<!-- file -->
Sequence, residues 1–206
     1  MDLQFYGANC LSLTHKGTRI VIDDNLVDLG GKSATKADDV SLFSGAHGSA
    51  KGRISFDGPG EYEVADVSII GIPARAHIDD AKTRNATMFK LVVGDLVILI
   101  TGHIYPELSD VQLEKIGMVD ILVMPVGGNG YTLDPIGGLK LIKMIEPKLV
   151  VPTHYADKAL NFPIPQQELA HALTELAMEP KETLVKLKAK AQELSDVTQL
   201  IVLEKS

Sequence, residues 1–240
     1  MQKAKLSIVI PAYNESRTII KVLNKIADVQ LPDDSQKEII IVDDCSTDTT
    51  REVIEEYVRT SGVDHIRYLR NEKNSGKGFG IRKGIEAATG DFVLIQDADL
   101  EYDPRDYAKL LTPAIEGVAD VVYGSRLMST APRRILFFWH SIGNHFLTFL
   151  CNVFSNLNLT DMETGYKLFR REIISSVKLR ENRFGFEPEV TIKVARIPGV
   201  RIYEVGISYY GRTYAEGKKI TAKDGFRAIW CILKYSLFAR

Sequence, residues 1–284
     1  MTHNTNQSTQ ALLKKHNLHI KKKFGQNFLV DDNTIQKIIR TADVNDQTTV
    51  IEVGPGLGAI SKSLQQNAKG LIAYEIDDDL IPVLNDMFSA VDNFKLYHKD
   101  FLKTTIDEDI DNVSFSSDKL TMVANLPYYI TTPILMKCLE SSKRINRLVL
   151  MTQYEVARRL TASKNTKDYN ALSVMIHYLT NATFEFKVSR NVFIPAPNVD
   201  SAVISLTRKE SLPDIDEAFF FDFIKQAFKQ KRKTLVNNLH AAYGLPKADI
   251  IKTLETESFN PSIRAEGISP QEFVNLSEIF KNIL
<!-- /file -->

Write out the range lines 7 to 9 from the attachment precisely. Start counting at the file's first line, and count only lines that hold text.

Sequence, residues 1–240
     1  MQKAKLSIVI PAYNESRTII KVLNKIADVQ LPDDSQKEII IVDDCSTDTT
    51  REVIEEYVRT SGVDHIRYLR NEKNSGKGFG IRKGIEAATG DFVLIQDADL